The entrance of companies with much larger and more consistent production capabilities into the market could spell trouble for Tesla. Will consumers show the same willingness to accept Tesla’s quality control issues when Audi, Porsche, and other luxury brands are offering competing vehicles? These larger brand companies also have the ability to subsidize losses in the electric vehicle market with profits from other sectors, like trucks and luxury SUVs. Tesla doesn’t have such a luxury.
The “Affordable” Model 3 is a Mirage
Remember that $7,500 “green” government subsidy? Turns out that it has a limit that Tesla is quickly approaching. As Steve Hanley explains over at Teslarati, people hoping to score a Tesla for less than $40,000 should think twice before putting their $1,000 deposit down. The issue here is that the government subsidy begins to expire after Tesla sells 200,000 cars, which it is projected to reach just as the Model 3 is coming online. Since current Tesla owners and people buying the most expensive versions of the Model 3 will get their vehicles delivered first, it’s unlikely that there will be any left for first-time Tesla buyers hoping to get a car for less than $35,000.
Auto-Pilot Safety and Liability Issues
Meanwhile, Tesla faces huge legal risks from the auto-pilot system that it has rushed to market. Tesla released auto-pilot technology to the public in October 2015, and it didn’t take long for videos to surface of people using it irresponsibly and the technology nearly causing accidents. During the test drive of a Model S P90D that inspired this article, the salesman informed us that the car would stop at a red light in auto-pilot mode only if there was a car stopping at the light in front of us. Otherwise, he warned, the 4,500 pound sedan would blow right through the light.
Tesla has tried to shield itself from liability by making it clear that drivers need to remain attentive with their hands on the wheel while using the auto-pilot. Still, if Teslas start crashing with the auto-pilot engaged, lawyers will make the case that Tesla is responsible.
Subsidies and Profitability
What has propped Tesla’s myth of success up is the fact that Tesla, like other Elon Musk businesses, is the recipient of huge government subsidies. A profile of Musk’s companies by the LA Times found his empire to be “fueled by $4.9 billion in government subsidies.”
The State of Nevada and the City of Reno shelled out more than a billion dollars in incentives and tax breaks to convince Tesla to build it’s “gigafactory” in Reno. Tesla has already fallen far behind the employment and production projections it used to convince Nevada politicians for such a generous package.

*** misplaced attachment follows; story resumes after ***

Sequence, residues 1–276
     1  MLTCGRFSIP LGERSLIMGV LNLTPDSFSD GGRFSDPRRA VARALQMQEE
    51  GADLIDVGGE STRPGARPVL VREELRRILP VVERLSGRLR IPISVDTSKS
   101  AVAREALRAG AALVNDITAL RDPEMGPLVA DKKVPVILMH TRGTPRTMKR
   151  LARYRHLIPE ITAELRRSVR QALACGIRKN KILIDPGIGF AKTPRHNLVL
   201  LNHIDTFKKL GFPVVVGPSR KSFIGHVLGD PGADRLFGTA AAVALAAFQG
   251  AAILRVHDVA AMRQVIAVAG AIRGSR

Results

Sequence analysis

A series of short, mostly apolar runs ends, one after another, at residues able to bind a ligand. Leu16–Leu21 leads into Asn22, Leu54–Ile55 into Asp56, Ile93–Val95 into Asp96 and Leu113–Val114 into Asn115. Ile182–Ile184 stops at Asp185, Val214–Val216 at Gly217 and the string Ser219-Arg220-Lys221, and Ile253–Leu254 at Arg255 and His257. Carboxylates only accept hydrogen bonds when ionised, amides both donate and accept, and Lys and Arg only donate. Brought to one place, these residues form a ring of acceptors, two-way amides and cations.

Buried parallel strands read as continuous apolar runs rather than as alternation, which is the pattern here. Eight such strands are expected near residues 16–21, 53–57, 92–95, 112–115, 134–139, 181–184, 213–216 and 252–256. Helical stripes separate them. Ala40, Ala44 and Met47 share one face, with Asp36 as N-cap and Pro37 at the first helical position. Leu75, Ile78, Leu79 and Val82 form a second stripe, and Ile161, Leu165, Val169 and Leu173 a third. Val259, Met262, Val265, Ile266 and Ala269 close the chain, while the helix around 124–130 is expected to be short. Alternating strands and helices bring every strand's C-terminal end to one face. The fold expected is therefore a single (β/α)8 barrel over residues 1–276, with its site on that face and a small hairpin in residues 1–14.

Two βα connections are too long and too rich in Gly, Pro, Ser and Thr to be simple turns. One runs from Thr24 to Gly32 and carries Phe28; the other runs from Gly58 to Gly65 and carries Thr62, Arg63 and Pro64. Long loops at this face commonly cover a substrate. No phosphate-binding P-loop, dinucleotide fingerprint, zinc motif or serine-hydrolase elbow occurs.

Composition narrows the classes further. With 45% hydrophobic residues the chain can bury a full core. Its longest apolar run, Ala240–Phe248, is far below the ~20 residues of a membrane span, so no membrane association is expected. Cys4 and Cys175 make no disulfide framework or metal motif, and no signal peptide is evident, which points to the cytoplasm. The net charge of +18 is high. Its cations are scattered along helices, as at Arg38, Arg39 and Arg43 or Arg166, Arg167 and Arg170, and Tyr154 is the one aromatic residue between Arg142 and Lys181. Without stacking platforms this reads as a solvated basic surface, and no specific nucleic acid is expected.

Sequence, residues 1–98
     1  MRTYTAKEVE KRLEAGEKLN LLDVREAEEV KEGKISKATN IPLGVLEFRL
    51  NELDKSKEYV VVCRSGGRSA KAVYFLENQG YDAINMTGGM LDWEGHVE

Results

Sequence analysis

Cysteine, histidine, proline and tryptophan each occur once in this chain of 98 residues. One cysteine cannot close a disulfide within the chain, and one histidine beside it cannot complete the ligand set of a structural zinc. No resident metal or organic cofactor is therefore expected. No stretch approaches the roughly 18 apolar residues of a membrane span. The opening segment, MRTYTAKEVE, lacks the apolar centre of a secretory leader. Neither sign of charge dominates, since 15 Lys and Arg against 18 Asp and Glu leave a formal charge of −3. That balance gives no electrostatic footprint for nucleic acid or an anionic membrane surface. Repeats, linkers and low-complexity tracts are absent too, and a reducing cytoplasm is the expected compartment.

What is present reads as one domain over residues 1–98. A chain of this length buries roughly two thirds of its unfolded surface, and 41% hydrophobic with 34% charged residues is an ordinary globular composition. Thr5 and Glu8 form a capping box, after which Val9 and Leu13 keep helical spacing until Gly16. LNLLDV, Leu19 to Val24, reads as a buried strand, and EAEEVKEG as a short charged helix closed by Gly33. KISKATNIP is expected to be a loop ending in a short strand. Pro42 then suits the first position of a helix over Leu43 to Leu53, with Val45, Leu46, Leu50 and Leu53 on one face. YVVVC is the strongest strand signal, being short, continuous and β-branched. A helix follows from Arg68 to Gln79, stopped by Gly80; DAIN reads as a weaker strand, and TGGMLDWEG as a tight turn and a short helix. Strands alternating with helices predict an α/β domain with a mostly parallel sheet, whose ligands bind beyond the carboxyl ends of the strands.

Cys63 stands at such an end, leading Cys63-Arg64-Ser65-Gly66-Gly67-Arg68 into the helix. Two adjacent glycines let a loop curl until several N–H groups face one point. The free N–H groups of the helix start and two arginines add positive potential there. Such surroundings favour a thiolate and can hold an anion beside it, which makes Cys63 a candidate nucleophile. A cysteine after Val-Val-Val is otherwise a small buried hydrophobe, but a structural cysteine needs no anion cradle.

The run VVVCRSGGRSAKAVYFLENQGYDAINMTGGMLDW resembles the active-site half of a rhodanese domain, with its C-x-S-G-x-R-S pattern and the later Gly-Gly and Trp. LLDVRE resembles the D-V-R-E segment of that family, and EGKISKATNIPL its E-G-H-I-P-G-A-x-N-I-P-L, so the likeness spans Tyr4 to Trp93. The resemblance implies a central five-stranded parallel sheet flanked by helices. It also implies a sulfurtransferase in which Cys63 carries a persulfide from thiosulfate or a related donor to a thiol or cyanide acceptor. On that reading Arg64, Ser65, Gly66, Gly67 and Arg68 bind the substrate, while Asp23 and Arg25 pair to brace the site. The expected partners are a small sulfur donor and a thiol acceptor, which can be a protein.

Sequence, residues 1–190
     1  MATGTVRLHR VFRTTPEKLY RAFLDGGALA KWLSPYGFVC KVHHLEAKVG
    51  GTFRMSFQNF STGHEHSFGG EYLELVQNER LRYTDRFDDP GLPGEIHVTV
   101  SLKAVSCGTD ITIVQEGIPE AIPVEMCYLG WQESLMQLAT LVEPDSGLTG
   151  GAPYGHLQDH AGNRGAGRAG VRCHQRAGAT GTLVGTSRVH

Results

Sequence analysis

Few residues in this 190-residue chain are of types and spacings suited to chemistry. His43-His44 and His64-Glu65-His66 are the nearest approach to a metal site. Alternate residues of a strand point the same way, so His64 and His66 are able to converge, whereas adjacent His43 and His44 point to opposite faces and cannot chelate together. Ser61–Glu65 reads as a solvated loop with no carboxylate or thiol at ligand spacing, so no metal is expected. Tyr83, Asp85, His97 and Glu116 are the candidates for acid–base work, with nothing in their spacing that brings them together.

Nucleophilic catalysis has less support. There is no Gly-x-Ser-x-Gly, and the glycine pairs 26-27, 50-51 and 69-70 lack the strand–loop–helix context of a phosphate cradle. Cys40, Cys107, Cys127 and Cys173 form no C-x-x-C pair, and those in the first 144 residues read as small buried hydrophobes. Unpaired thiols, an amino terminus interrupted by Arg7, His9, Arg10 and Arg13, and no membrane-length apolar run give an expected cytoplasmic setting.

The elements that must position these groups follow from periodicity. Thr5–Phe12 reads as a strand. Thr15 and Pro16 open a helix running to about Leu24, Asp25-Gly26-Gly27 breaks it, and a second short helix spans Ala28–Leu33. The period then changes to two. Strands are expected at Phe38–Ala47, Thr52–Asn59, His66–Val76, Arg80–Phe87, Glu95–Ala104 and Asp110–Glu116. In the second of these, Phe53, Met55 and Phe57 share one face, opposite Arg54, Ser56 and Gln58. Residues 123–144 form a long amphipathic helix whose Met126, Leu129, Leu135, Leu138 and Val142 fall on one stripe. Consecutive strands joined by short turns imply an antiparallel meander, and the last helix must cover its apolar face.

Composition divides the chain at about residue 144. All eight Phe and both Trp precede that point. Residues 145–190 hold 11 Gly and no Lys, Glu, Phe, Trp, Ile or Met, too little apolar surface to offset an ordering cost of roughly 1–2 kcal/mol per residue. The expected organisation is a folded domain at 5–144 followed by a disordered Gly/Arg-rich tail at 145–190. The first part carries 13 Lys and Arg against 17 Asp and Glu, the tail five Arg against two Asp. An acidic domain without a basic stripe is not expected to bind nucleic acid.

In multiple investigative reports by the Edward Neidermeyer and the Daily Kanban, Tesla also was caught failing to deliver on promises made to the State of California that qualified them for “fast refueling credits.” The reports on Tesla’s “battery swap scam” can be found here, here, here, and here.
If Tesla continues to fail to meet projections, will politicians continue to shell out huge subsidies based on Tesla’s projections?
Even with all the subsidies, questions remain as to whether or not Tesla has ever been profitable. Tesla reports a variety of Generally Accepted Accounting Practices (GAAP) and non-GAAP numbers to share holders, and the gap between the GAAP and non-GAAP numbers has been increasing.
Reality Behind the Myth
As the first major car startup in decades, Tesla has brought a lot of excitement to the auto industry, but that excitement has turned its story into a myth. Behind that myth, the reality is ugly: its cars have massive quality problems, it can’t make money, it aggressively goes after government subsidies, it misleads the public, and it faces crushing competition. The Model 3 will be Tesla’s first step from the relatively easy world of small-volume luxury car building into the cut-throat world of the mass market, where quality problems are harder to control and buyers expect total reliability. Other automakers have built affordable electric cars, and every one of them has sold worse than expected. It’s always possible that Tesla will be able to achieve where no one else has, but its track record suggests that its problems are about to get worse, not better. The myth is easy to maintain when you’re selling heavily-subsidized luxury cars to true believers. As Tesla runs out of tax credits and has to sell to more demanding consumers, the truth will inevitably win out.